The Essence Of Faith And Obedience

This week we have been engaging the story of the three wise men and examining what an "epiphany" might look like in our own lives, if we are willing to combine our passion/desire and our fear/uncertainty with a pursuit of God. Though the Magi were from a distant land in the east, they dropped their normal routine in order to follow a star that pointed them to a newborn king. Along the way, they encountered King Herod, who desired to trick the men into leading him to the place where the child was located. As they followed the star and encountered the baby Jesus they were "filled with joy!" and they worshipped him. But afterwards, they made a decision. This part of the story ended this way: "When it was time to leave, they returned to their own country by another route, for God had warned them in a dream not to return to Herod" (Matthew 2:12, NLT).

Sometimes we have choices to make when we do not have all the facts. We have to simply trust that things will work out for the best. The evidence of this kind of position shows us how we quietly separate our "ordinary" daily endeavors from our "spiritual" journey with God, whether we realize it or not. For instance, what does it look like to make our ordinary choices, in light of our relationship to God, especially when we may not understand the bigger picture? Or, when we jeopardize a relationship or go against someone's wishes, because of what we feel God is revealing to us? Such was the case for the Magi. They discovered from a dream that according to God Herod's motives were not sincere; therefore, God directed them not to honor the King's instructions. Back in the day, the consequences for such actions could be deadly. Especially when there are many unknowns and when fear may become a primary motivator, we may have to trust God in new ways with the very life God has given us. This is the essence of faith and obedience. How is it present on your journey?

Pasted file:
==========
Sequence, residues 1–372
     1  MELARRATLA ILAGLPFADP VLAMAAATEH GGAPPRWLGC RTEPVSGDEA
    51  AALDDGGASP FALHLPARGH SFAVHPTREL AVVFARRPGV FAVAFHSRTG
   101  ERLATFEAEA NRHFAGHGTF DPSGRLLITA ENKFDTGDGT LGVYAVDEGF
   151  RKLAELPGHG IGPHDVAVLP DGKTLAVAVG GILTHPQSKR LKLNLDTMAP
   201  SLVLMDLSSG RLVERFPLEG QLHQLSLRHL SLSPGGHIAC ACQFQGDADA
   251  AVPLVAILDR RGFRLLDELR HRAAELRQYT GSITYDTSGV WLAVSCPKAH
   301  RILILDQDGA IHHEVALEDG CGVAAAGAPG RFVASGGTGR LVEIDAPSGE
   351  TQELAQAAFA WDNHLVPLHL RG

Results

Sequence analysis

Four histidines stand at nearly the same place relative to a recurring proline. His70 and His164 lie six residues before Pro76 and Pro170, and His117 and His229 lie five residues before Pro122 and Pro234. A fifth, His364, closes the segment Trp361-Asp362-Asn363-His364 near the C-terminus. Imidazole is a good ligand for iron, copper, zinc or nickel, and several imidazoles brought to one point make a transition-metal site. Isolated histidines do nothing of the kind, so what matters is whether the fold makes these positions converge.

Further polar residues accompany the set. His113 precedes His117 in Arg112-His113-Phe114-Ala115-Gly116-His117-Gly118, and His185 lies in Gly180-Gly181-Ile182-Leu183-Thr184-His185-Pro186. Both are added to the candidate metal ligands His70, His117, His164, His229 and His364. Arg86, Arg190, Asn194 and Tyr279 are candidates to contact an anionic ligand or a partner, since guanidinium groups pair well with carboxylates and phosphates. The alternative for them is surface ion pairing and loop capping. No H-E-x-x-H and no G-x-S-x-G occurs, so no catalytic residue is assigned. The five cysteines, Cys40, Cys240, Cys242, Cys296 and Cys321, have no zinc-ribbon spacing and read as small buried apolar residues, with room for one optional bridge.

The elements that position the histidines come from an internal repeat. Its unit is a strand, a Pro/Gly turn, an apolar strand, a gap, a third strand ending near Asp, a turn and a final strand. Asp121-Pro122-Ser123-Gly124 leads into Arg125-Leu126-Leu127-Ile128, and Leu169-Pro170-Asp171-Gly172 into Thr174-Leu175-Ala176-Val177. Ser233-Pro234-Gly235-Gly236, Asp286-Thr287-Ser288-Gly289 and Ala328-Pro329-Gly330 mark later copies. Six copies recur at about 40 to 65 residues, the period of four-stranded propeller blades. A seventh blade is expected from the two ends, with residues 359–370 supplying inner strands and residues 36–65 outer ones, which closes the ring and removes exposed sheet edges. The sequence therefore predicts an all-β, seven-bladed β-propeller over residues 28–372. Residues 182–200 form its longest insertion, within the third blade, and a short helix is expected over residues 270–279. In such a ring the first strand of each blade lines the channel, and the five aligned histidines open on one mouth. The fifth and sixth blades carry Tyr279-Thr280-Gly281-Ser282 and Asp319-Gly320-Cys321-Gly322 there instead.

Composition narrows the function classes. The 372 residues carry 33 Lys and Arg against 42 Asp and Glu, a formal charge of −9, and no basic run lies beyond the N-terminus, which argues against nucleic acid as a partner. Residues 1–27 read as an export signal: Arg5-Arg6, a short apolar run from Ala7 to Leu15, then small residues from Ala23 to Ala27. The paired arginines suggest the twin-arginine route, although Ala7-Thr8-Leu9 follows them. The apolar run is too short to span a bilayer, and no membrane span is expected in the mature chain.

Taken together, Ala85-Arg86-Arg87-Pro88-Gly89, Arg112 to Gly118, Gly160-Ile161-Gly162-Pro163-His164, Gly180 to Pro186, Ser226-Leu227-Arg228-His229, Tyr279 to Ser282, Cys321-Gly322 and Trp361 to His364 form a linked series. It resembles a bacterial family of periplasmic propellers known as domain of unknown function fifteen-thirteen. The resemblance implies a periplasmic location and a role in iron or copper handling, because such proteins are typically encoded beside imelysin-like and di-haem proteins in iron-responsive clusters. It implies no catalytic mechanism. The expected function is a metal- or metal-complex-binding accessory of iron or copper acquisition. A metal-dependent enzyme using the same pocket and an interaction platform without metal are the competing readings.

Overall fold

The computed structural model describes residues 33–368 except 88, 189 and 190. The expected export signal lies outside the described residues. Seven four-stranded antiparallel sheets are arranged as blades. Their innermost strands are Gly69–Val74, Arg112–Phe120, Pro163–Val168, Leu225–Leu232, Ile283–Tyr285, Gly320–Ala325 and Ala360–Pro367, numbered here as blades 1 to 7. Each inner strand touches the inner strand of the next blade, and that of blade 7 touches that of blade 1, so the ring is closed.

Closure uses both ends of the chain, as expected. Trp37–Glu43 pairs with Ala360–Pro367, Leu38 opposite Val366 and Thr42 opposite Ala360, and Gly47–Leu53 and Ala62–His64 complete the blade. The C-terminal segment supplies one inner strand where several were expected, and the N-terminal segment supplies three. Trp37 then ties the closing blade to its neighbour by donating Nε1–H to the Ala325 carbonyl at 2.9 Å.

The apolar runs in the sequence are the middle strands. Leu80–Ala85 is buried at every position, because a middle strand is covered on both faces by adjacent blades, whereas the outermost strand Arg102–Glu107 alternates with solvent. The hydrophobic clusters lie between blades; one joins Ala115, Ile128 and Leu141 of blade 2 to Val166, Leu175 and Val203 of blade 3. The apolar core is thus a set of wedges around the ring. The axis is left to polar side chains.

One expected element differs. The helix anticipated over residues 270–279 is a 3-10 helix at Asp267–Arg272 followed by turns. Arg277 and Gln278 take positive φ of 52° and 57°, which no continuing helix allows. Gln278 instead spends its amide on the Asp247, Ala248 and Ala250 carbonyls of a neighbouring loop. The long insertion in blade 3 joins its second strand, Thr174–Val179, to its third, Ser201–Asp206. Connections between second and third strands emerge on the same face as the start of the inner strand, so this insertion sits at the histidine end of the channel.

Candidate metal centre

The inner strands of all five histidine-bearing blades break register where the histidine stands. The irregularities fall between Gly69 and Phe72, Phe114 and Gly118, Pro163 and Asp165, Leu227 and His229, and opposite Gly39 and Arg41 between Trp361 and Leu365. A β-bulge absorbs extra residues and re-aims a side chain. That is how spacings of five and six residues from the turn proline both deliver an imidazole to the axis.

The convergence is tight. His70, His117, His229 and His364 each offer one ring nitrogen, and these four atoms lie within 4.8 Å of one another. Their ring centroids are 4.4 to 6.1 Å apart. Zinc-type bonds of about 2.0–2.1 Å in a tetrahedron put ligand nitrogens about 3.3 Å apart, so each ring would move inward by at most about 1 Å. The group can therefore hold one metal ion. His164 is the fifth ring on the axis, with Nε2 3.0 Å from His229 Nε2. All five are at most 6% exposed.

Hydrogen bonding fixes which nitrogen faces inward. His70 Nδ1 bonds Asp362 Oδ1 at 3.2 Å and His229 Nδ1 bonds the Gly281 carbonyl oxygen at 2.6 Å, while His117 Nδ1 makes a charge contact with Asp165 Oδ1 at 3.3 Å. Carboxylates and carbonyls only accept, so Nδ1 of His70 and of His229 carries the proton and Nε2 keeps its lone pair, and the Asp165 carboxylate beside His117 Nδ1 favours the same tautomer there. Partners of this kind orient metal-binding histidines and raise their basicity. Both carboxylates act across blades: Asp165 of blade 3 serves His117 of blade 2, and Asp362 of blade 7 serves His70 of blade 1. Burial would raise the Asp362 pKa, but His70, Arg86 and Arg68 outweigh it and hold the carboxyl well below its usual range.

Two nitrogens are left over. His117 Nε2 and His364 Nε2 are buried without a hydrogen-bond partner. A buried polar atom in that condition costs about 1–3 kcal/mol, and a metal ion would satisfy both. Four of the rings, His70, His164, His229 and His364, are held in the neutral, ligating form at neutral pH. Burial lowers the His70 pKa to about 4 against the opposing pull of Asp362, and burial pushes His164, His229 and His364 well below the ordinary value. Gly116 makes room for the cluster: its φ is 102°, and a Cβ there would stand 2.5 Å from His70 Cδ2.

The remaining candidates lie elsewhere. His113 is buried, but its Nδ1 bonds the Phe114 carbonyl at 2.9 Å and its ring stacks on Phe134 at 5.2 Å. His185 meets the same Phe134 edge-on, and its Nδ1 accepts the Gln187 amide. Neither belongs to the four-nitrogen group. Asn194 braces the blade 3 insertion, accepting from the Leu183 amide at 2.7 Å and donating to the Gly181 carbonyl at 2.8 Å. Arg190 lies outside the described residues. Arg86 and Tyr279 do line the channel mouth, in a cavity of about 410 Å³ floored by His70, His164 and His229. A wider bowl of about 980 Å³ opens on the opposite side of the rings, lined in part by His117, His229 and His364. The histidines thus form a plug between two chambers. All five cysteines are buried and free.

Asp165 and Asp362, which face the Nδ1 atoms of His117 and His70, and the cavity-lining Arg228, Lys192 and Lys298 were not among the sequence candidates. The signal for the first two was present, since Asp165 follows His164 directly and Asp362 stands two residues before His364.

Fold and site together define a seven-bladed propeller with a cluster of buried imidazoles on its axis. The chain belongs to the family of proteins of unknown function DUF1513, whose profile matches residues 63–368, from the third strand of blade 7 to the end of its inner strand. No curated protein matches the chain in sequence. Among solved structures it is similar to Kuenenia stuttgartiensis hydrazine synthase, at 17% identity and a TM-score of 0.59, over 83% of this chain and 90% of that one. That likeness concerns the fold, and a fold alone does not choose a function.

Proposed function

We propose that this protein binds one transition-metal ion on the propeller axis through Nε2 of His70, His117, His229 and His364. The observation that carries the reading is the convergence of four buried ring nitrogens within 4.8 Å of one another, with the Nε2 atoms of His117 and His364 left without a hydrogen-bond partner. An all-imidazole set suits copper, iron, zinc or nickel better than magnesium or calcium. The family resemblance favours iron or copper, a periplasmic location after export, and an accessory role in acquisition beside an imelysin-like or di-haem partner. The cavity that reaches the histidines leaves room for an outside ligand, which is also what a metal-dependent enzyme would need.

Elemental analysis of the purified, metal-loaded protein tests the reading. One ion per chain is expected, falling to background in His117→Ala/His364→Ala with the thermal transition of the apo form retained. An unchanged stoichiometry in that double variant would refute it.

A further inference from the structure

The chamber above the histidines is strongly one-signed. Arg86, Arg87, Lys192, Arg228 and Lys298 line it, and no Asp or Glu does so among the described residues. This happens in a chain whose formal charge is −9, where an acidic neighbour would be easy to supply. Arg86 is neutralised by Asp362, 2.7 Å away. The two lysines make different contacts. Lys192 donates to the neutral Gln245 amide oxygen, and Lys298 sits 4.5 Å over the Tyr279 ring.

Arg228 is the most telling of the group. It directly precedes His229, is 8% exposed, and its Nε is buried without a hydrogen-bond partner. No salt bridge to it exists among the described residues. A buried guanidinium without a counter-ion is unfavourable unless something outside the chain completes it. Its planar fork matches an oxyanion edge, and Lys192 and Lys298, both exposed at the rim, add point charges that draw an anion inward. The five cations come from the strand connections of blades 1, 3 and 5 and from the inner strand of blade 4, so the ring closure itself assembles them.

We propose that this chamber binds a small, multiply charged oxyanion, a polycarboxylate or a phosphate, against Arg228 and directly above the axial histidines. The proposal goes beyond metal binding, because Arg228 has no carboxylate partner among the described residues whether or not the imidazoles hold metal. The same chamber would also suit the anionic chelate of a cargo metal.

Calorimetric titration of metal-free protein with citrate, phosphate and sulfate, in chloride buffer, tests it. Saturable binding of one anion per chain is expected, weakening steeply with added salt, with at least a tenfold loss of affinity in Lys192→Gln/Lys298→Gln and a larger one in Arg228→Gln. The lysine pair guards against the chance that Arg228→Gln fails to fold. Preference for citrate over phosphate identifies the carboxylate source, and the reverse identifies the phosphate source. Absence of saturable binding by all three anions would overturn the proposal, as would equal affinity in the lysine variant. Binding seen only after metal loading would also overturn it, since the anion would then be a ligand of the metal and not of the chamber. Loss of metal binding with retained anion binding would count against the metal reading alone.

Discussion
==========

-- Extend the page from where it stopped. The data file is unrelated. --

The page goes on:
The Magi have provided us a wonderful example of what it looks like to pursue God, make an offering, and respond out of obedience. In what ways are you living out such an example on your journey?

Do you find yourself yielding to your fear and perceived consequences on your journey? Or are you setting those aside and responding out of obedience?

How is your life compartmentalized, separating your "ordinary" life from your "spiritual" life? God wants you to know that they are to be the same. When will you take this leap of faith?